“There’s been very little movement; it’s not evolved since 1994,” Weissman said. He cited file sharing programs like Gmail, DropBox, and Google Voice as just a few of the Internet technologies outside the realm of CALEA. Weissman explained that law enforcement’s not being able to lawfully monitor this type of communication leaves out a critical piece of the crime-fighting puzzle. “[We’re] making the ability to intercept communications with a court order increasingly obsolete. Those communications are being used for criminal conversations,” he said.” So this huge legal apparatus to prevent crimes [and] prevent terrorist acts is becoming increasingly hampered and increasingly marginalized the more we have technology that is not covered by CALEA.”
Weismann said the nature of preventing criminal activity does not lend itself to public discourse, but that’s exactly what is needed to improve current circumstances.
“It’s a very hard thing to talk about publicly,” he said. “If you’re in law enforcement or the intelligence community, you don’t like to tell bad actors what you know and what you don’t know. If you tell them what it is you’re capable or not capable of doing, it makes it that much easier for people to avoid being caught. So the mere public discourse about this is sort of a losing proposition.” Even so, he said, “there should be a public debate about it.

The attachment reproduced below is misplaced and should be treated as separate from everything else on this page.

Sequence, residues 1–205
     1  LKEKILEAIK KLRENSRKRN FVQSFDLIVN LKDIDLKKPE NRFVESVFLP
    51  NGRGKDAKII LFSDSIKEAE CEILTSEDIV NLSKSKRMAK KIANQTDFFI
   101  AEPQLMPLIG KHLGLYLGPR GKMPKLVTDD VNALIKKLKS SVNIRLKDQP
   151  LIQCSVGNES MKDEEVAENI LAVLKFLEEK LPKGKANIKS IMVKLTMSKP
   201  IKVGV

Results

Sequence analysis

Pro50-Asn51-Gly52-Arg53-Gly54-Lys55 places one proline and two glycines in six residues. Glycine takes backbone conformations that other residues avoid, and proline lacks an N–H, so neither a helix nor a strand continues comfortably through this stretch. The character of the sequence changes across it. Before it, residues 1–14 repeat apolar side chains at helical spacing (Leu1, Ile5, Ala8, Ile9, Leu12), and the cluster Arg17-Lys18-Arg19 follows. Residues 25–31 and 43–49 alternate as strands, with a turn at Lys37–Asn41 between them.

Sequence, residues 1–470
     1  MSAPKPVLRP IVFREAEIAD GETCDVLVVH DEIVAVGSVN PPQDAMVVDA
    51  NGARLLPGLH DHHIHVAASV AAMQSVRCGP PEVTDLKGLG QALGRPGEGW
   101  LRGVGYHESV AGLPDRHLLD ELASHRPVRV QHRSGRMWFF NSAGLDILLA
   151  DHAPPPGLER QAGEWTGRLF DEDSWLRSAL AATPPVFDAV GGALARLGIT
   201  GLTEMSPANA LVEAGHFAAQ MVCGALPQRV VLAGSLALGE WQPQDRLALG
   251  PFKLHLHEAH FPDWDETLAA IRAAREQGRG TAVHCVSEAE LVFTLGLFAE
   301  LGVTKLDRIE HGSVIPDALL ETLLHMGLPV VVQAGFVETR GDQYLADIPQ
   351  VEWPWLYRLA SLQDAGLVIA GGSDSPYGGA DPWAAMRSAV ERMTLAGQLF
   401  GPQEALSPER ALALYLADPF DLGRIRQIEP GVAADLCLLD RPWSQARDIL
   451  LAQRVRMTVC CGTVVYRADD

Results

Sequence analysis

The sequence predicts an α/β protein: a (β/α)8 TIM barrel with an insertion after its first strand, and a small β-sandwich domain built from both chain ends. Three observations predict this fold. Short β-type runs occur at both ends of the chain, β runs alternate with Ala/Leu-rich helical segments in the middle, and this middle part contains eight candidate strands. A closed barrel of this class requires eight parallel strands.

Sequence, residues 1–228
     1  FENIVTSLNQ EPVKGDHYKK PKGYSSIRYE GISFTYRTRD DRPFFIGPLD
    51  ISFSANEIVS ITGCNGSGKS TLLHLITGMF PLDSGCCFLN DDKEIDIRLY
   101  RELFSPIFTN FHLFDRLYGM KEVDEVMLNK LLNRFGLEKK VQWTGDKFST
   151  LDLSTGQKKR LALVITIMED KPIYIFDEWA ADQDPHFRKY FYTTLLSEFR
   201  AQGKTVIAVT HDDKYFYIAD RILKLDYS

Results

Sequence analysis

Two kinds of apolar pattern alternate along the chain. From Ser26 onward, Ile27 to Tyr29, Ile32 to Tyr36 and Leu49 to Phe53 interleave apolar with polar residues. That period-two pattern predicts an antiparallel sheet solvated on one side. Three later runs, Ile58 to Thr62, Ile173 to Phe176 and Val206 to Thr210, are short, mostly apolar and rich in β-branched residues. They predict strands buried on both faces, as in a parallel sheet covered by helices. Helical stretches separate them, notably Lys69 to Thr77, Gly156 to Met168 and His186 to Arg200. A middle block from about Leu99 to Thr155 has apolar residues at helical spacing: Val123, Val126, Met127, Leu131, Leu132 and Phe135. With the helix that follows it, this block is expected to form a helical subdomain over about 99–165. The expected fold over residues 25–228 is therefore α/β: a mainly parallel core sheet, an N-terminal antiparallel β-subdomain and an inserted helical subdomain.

Weismann said the intelligence community must come up with a solution that is tailored to today’s technologies but doesn’t stifle growth in the industry. “You don’t want to have a system where you’re needlessly imposing burdens on thriving industries or even budding industries,” he warned.